Making products work for people

Making Products story.

By Meriden Vitale

For Kyle McGann, figuring out the details of a project is fun. During one of his deployments to Afghanistan, he built a climbing wall in his room.

“I found the two best pieces of plywood then scrounged some two by fours,” McGann said. “My brackets were other pieces of plywood that I just cut out to put everything together.”

Now a graduate student in mechanical and manufacturing engineering at Oregon State University, McGann is working with associate professor of mechanical engineering John Parmigiani in the Prototype Development Lab, where he focuses his love of creatively building things on product development. For his project-based master’s degree, McGann is hard at work shepherding a design idea from conception to prototype to something that could be bought at a store.

“I was hired to work on a product and take it from the idea stage through the design, testing, and development phases all the way to a manufacturing plan,” he said.

In 2016, after ten years and four deployments, McGann started thinking about a future outside of the military. Interested in pursuing something for the long term, McGann decided to return to school to get his bachelor’s degree in mechanical engineering at Oregon State. As he was nearing graduation without a plan, McGann received an email from Parmigiani—who taught one of his classes—seeking to fill an open position in his lab.

“I had no intention of doing a master’s degree,” McGann said. “But developing products and prototypes is what I want to do so I couldn’t pass up the opportunity.”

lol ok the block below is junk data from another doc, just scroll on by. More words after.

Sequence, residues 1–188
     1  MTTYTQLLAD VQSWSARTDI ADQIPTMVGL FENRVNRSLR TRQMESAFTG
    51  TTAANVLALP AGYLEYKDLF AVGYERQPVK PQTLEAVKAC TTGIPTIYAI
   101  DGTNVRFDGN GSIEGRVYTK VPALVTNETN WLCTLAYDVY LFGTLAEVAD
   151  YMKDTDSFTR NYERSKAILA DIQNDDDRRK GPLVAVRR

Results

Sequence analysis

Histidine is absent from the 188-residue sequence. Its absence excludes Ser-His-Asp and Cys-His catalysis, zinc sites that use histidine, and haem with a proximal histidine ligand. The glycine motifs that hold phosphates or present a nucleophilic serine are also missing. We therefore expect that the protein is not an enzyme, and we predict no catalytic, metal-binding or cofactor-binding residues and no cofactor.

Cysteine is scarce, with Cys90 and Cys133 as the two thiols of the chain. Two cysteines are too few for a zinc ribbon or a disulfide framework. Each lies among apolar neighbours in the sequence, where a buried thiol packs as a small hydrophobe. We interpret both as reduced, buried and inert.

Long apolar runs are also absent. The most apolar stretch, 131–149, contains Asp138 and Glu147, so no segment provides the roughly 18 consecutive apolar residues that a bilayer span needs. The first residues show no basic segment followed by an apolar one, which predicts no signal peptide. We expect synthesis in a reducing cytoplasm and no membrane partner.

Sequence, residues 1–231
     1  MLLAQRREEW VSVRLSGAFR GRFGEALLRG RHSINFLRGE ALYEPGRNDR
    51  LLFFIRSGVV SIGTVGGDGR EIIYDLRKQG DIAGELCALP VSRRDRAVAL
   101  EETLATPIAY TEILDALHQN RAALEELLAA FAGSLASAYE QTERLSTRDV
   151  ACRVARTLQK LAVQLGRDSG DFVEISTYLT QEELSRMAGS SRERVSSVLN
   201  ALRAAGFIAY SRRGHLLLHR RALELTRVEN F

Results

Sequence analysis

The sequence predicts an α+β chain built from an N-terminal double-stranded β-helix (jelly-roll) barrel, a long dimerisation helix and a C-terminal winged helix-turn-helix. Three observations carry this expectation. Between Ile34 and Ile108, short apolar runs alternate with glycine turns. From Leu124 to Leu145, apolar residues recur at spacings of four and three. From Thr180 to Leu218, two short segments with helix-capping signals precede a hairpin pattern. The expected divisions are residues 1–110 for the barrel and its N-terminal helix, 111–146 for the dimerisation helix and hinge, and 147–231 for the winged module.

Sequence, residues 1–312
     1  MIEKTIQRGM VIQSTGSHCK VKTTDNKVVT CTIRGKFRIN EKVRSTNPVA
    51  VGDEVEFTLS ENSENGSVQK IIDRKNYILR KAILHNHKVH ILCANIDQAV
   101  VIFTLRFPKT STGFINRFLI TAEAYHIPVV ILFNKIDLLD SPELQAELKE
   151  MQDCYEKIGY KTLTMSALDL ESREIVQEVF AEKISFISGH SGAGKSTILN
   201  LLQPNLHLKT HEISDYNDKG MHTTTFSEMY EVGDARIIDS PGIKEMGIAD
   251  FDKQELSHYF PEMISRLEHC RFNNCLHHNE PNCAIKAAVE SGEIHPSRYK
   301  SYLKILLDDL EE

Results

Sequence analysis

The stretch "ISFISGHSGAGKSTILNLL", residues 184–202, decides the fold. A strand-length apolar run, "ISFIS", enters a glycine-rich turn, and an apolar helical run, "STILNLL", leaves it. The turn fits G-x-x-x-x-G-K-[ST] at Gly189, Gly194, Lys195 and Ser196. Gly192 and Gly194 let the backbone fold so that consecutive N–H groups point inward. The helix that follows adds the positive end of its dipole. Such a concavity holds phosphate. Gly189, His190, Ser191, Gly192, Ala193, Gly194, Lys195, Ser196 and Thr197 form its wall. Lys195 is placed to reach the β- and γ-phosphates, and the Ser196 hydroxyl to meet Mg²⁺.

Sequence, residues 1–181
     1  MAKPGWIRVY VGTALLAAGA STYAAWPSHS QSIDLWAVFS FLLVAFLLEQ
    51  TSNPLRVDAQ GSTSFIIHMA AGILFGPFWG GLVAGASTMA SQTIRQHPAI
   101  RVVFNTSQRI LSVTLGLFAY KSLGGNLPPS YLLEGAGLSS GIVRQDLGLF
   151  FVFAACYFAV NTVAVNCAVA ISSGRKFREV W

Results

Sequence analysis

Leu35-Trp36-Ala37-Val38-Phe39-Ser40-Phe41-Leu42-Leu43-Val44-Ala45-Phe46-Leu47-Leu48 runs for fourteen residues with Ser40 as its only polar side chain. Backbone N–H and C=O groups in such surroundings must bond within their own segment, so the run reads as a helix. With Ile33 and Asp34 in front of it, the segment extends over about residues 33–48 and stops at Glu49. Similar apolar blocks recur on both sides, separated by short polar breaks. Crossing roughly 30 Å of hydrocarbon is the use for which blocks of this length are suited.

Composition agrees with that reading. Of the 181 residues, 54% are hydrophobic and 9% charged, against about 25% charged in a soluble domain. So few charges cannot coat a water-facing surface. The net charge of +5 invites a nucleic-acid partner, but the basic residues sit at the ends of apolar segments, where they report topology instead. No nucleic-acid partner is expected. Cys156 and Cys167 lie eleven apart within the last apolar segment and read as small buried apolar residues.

McGann added a minor in ergonomics to work towards this goal, studying how people interact with a product or process.

“Oftentimes people encounter products that don’t really work well or there’s something wrong with the way people engage with them,” he said. “I am really drawn to the idea of designing products for people that they're going to enjoy.”

McGann is currently involved in a project with the Prototype Development Lab to fine-tune a tree-climbing robot. The LimbBob began as a senior capstone project, originally conceptualized by a farmer from Alsea, that can autonomously climb trees and cut growing limbs with a saw to prevent knots in harvestable timber.

“The idea is you send it up when the tree is five years old and then at regular intervals after that,” he said. “When it's ready to harvest at 40 years all the limbs from the bottom two thirds of the tree will have been removed, so the knots are really small or not there at all. And this creates better wood.”

McGann will continue working on the LimbBob through the fall, with plans to add the saw function next spring. It’s right in line with his interests in product development for the outdoor and sporting goods industries.

As an undergraduate, he was one of the first members of Oregon State’s Sports Engineering and Product Development Club.

“We wanted to work on designing and developing products for the sporting goods realm,” he said. “We decided to make a smart climbing wall with handholds that you can program to light up your route.”

The team won the InventOR competition with their idea and qualified for the state competition. Held at the Oregon Institute of Technology in July 2018, the team built an 8 x 8 ft climbable prototype complete with an app that allowed people to create their own routes, watching them light up in real-time.

Although McGann missed the final competition due to the birth of his second son, his teammates kept him in the loop with photos and updates, ultimately taking home the awards for “best prototype” and “people’s choice".

McGann has always enjoyed building things. He built the tiny house he currently shares with his wife and two kids, which has allowed them to live affordably while McGann pursues his education and a career change.

“My kids have definitely been my main motivation,” McGann said. “Going home and seeing them, I think, ‘This is why I’m doing this.’”

Oct. 6, 2020